So imagine this as background: I was asked to do conversions of two Harley Stroh modules from the 4e era. There were the "Master Dungeon" series of Dragora's Dungeon and The Curse of the Kingspire. Then imagine being told that there was a third TSR-era legend Clyde Caldwell cover licensed, and I was being asked to write an adventure to utilize it.

The first two conversions were published as ".5" modules between the regular numbers, so I expected (erroneously, as it turned out) that this adventure would be given the same treatment. I also wanted the "Caldwell Cover" series to be unified in some way. We already had levels 1 and 2 covered, so it made sense to make this a 3rd level adventure. The previous adventures had included ape-men, a dragon god, and ancient elven ancestors with a stronger connection to Elfland. This last was a byproduct of the adventure's 4e origin, but I had kept the idea as the "Elder Kith" in that adventure. It was changed to "Elder Kindred" here to avoid confusion with the Kith of Peril on the Purple Planet. There is definitely no "adventure path" between the three adventures, but there are links for the canny judge to exploit.

The adventure also hearkens back to the works of Abraham Merritt, perhaps one of the less-referenced Appendix N authors. For those who know the works of Abraham Merritt, there are specific references made to The Face in the Abyss, Through The Dragon Glass, and The Women of the Wood. The entire set-up of the adventure, with a thwarted love affair, a setting divided into two distinct regions, and the intervention of powerful forces, echoes The Ship of Ishtar. You will find other references if you look hard enough!

The adventure also had to match the cover. The images on the cover are an elven woman, a bone dragon, and part of a wall. You will find all of these elements in the adventure. Through the Dragonwall is not the first DCC adventure to feature a dragon. That honor belongs to The Tainted Forest Near Thorum by Yves Larochelle in Crawl! #4. It is not even the first Goodman Games adventure to use a dragon, as both previous "Caldwell Cover" modules had done so. Even so, the Bone Dragon holds a special place in my heart, both because of his potency as a foe and because of the poignancy of his backstory. You can run this in a four-hour convention slot; it benefits from being given more time to allow the players to truly understand how the Valley of Two Lands works, and the history of its occupants.

This adventure was featured on the Sanctum Secorum podcast Episode 27, where it was paired with The King of Elfland's Daughter. I feel that this was just good luck on my part, because if Michael Curtis had already written The Queen of Elfland's Son, that would have been the obvious pairing. You can also find a review of the adventure here.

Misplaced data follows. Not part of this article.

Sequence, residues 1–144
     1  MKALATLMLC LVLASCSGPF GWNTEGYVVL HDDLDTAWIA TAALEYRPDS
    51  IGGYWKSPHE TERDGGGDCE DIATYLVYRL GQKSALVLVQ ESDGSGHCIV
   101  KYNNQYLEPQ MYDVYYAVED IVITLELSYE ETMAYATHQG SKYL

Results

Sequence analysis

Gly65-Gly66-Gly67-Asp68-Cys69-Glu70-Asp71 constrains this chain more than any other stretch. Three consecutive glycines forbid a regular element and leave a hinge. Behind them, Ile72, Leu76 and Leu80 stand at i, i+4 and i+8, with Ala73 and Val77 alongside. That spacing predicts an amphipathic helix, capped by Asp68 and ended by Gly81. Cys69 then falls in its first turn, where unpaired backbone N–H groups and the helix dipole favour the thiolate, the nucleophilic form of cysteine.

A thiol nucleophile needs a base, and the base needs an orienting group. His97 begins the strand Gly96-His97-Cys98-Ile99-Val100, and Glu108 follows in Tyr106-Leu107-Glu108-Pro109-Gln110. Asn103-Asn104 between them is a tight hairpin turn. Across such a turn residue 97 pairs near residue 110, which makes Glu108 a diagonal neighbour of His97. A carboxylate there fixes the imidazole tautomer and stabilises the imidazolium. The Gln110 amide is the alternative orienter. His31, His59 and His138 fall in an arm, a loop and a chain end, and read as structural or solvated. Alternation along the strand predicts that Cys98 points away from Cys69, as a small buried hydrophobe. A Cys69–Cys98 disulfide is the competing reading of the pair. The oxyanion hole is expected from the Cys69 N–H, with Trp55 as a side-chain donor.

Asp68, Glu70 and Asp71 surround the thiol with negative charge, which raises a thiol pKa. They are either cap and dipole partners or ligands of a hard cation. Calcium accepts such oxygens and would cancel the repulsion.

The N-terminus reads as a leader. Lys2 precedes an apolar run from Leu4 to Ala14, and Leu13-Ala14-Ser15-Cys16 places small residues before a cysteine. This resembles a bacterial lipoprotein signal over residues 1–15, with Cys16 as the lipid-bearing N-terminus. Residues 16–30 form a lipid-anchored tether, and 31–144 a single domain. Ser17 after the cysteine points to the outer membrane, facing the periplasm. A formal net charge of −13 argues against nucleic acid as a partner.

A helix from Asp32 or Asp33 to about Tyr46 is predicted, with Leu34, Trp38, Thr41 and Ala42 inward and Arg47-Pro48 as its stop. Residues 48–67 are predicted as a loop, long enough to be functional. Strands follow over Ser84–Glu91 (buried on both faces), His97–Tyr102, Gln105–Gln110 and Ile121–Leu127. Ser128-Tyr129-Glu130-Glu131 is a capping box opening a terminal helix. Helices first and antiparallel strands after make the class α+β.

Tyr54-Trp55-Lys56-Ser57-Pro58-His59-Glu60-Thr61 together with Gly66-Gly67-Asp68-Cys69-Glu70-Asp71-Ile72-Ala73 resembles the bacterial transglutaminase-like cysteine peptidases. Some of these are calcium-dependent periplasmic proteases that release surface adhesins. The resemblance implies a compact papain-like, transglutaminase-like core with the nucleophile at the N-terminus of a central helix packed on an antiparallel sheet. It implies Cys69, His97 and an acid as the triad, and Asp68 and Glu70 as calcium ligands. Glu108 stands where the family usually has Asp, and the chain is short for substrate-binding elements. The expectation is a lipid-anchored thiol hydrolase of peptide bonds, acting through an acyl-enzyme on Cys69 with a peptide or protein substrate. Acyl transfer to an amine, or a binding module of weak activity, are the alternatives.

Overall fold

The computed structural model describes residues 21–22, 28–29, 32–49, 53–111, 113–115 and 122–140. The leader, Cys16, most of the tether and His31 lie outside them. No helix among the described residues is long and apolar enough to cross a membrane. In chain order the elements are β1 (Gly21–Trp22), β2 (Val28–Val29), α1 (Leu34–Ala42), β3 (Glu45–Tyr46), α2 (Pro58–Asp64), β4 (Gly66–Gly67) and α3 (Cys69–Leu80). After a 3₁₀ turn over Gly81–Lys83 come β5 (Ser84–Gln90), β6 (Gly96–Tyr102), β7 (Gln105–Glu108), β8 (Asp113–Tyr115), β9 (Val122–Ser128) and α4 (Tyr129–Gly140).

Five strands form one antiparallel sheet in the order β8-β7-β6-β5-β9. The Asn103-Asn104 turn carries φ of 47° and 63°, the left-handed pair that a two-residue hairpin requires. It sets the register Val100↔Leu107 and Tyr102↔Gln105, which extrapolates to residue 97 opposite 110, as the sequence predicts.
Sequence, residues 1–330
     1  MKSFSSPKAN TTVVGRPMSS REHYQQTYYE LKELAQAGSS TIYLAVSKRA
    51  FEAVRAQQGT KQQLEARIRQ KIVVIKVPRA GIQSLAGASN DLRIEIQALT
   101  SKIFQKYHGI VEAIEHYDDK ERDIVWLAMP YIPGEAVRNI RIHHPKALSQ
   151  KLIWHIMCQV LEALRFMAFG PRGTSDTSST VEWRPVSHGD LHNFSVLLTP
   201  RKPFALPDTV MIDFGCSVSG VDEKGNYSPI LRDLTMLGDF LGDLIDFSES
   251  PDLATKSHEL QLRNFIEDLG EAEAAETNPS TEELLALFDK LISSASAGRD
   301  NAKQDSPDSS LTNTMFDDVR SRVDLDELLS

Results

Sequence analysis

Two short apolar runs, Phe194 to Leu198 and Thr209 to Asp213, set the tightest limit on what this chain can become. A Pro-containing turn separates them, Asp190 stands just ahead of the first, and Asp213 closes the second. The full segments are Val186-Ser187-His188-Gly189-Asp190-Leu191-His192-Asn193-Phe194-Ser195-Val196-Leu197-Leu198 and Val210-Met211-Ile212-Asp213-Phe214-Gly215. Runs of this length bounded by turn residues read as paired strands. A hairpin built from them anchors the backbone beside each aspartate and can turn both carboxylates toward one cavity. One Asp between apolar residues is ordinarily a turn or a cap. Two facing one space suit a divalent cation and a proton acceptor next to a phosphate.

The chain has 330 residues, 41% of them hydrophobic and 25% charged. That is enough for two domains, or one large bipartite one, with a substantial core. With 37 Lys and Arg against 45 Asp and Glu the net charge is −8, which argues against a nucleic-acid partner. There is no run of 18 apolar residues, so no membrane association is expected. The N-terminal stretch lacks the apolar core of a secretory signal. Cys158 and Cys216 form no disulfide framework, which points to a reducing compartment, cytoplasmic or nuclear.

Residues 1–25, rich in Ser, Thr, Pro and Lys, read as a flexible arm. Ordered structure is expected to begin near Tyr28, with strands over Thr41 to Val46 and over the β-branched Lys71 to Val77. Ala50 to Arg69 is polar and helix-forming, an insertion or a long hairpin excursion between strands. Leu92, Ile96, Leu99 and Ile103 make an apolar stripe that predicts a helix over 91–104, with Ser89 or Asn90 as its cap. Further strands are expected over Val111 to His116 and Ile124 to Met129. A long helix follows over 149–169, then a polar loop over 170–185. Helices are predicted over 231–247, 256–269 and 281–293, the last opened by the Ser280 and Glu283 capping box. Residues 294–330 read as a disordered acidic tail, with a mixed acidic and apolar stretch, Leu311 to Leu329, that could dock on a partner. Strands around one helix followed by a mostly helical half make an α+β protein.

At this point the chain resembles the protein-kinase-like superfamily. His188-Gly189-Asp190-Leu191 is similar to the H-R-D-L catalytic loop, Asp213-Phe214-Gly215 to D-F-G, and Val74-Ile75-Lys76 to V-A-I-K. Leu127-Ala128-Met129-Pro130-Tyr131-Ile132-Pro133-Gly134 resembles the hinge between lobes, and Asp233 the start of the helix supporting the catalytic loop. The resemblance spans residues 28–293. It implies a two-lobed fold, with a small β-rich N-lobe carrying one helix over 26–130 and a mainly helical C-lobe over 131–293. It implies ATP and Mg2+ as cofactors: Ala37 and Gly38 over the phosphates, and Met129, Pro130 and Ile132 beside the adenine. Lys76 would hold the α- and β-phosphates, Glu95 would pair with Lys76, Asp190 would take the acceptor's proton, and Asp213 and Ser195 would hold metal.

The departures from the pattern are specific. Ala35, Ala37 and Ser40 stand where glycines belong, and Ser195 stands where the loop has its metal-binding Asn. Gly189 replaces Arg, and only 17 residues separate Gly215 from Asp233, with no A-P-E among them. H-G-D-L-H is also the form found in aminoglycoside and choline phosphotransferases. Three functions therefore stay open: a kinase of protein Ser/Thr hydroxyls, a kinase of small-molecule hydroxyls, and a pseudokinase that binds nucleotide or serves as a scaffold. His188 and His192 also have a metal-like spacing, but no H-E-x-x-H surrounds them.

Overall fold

If you find yourself drawn to discover more DCC goodness inspired by A. Merritt, I advise you to check out Moon-Slaves of the Cannibal Kingdom by Edgar Johnson, the Sanctum Secorum Episode #29 Companion: Creep, Shadow!, and the patron write-up for Logos, the Perfect Form, from Angels, Daemons, & Beings Between: Extended, Otherworldly Edition

Embroiled in a curse from the dawn of history, you have become pawns in a cosmic struggle between the King of Elfland and the ancient dragon-god, Baphotet Kor. Will you stand with the last Empress? Will you face the dreaded Bone Dragon? Or will your bones lie bleached beneath an unchanging sky? This adventure is a test of player skill that will push characters to the edge and beyond…Beyond the Dragonwall.

Through the Cotillion of Hours

AL3: Through the Cotillion of Hours is an adventure for all levels by Daniel J. Bishop. Art is by Scott Ackerman (including cover) and Kristian Richards (cartography). The publisher is Purple Duck Games.

Disclosure: I am the author.

This adventure takes place in a dreamscape, and is my second piece of published writing for Dungeon Crawl Classics. Like Bone Hoard of the Dancing Horror and the later Stars in the Darkness, this adventure used pre-existing cartography to suggest a new adventure. In this case, the original adventure was also converted to DCC, and can be found here.

This adventure is unusual in that it doesn't need to be solved in a single sitting. In fact, it is better if it is not, and if the judge allows significant in-game (and real) time pass between sessions. It acts as an extended riddle, with some potentially dangerous combats. A large party will make time in the dreamscape pass more swiftly, as each player triggers separate chimes. A single player, or a two-player team, if clever, can solve the adventure in a single session. I have had one player go so far as to solve it within a single hour!